Aflatoxin B1 Toxicity and Protective Effects of Curcumin: Molecular Mechanisms and Clinical Implications

Chongshan Dai, Erjie Tian, Zhihui Hao, Shusheng Tang, Zhanhui Wang, Gaurav Sharma, Haiyang Jiang, Jianzhong Shen

Research output: Contribution to journalReview articlepeer-review

2 Scopus citations


One of the most significant classes of mycotoxins, aflatoxins (AFTs), can cause a variety of detrimental outcomes, including cancer, hepatitis, aberrant mutations, and reproductive issues. Among the 21 identified AFTs, aflatoxin B1 (AFB1) is the most harmful to humans and animals. The mechanisms of AFB1-induced toxicity are connected to the generation of excess reactive oxygen species (ROS), upregulation of CYP450 activities, oxidative stress, lipid peroxidation, apoptosis, mitochondrial dysfunction, autophagy, necrosis, and inflammatory response. Several signaling pathways, including p53, PI3K/Akt/mTOR, Nrf2/ARE, NF-κB, NLRP3, MAPKs, and Wnt/β-catenin have been shown to contribute to AFB1-mediated toxic effects in mammalian cells. Curcumin, a natural product with multiple therapeutic activities (e.g., anti-inflammatory, antioxidant, anticancer, and immunoregulation activities), could revise AFB1-induced harmful effects by targeting these pathways. Therefore, the potential therapeutic use of curcumin against AFB1-related side effects and the underlying molecular mechanisms are summarized. This review, in our opinion, advances significant knowledge, sparks larger discussions, and drives additional improvements in the hazardous examination of AFTs and detoxifying the application of curcumin.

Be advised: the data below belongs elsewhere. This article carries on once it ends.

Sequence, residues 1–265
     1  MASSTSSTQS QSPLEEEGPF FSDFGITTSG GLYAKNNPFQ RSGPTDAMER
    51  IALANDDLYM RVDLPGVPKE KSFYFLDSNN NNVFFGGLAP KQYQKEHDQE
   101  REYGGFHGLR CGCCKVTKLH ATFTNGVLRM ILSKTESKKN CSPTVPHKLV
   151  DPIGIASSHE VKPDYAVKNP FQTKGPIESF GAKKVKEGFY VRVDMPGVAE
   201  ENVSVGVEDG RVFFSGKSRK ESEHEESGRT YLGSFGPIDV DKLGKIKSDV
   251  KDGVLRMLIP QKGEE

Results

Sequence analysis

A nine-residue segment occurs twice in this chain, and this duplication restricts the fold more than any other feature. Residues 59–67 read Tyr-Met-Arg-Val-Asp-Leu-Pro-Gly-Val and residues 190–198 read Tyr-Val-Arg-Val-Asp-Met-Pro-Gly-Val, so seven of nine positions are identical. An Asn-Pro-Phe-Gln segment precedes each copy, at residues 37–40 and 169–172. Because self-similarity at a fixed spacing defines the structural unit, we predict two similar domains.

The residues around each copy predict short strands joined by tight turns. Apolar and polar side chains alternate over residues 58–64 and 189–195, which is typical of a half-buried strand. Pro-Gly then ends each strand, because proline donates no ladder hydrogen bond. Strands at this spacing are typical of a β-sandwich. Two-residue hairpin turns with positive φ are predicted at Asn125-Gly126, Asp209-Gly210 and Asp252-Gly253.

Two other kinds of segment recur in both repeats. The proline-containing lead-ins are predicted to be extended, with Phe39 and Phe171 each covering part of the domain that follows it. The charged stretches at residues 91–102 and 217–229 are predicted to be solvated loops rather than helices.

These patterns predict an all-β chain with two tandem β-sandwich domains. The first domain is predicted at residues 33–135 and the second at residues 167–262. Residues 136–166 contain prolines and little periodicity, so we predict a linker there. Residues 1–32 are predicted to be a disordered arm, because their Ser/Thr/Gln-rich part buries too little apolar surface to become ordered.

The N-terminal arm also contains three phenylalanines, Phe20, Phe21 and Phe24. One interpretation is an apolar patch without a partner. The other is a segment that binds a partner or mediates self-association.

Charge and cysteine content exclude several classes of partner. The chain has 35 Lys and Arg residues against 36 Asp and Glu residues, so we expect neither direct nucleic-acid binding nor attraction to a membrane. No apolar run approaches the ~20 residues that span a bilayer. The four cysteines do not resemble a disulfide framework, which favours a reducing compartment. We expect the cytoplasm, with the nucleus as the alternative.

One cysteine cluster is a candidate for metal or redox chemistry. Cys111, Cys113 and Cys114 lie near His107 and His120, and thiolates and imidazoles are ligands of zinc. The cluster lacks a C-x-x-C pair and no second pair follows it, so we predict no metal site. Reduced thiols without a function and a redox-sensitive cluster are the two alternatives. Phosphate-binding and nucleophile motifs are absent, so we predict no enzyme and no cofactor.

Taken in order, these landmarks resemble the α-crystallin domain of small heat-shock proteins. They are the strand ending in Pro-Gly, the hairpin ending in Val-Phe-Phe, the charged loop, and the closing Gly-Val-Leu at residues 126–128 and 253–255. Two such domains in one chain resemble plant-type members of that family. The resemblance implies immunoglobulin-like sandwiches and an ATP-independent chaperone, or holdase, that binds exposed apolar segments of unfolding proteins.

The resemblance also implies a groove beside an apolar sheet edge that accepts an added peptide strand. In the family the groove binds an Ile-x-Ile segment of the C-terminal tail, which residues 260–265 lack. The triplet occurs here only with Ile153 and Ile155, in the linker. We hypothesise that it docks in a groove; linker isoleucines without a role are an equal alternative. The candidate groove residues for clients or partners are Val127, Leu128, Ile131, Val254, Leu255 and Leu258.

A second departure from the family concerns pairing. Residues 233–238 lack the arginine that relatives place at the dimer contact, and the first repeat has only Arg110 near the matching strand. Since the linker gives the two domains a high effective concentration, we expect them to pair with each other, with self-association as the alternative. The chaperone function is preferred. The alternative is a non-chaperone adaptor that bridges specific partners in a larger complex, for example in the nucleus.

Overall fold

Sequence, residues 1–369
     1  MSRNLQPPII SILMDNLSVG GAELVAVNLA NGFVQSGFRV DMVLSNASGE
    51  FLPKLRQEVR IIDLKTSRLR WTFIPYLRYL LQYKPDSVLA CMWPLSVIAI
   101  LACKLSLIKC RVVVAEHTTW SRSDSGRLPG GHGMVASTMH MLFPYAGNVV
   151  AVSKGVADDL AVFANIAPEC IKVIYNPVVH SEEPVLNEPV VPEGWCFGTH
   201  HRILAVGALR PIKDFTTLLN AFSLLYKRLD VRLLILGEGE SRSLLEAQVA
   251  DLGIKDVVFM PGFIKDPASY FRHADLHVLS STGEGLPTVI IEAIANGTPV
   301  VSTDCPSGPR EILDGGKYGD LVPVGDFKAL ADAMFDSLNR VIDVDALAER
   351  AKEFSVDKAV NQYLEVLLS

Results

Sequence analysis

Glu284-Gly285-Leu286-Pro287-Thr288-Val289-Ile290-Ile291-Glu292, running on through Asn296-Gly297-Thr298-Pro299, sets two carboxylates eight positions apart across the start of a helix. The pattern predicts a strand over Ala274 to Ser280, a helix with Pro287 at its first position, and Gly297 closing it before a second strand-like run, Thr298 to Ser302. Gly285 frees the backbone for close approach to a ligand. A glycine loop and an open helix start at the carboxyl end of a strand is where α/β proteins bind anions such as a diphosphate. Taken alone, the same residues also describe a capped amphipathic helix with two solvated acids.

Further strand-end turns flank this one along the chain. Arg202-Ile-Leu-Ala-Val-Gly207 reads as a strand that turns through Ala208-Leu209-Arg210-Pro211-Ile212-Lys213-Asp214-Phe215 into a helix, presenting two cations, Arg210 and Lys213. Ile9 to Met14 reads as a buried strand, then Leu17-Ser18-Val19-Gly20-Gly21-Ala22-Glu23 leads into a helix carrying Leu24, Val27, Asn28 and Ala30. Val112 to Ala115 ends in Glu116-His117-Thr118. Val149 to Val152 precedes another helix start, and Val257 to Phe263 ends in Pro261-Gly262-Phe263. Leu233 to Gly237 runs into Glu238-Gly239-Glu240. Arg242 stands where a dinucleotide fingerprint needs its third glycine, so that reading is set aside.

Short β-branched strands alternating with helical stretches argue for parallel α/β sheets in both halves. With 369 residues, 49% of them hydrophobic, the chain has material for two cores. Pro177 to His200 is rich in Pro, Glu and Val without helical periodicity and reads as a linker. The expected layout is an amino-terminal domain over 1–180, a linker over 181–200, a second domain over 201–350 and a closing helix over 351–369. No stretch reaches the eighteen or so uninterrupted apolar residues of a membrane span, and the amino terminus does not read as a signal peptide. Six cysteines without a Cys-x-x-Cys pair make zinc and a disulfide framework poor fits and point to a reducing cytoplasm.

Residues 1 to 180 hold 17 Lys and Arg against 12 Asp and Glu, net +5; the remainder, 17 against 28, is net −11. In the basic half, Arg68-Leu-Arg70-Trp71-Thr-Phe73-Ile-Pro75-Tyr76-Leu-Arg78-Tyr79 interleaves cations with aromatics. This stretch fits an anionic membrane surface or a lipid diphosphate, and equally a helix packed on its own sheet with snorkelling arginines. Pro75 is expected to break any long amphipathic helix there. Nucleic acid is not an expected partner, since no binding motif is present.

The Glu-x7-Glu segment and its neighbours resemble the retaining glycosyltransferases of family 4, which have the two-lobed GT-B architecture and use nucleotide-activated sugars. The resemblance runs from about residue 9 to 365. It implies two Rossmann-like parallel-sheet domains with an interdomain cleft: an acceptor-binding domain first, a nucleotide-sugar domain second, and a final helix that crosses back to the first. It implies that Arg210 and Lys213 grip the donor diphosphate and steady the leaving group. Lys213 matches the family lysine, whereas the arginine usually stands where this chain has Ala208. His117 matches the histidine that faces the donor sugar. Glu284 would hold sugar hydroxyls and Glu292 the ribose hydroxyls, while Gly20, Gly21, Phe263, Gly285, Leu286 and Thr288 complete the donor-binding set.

Original languageEnglish (US)
Article number2031
Issue number10
StatePublished - Oct 2022


  • AFB1
  • curcumin
  • detoxification effects
  • molecular mechanisms
  • toxicity

ASJC Scopus subject areas

  • Food Science
  • Physiology
  • Biochemistry
  • Molecular Biology
  • Clinical Biochemistry
  • Cell Biology


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